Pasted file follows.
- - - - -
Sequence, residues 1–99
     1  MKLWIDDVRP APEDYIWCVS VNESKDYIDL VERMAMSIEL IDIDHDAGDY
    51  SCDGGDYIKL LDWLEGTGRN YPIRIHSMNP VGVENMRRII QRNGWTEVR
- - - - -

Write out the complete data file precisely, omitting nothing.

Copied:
Sequence, residues 1–99
     1  MKLWIDDVRP APEDYIWCVS VNESKDYIDL VERMAMSIEL IDIDHDAGDY
    51  SCDGGDYIKL LDWLEGTGRN YPIRIHSMNP VGVENMRRII QRNGWTEVR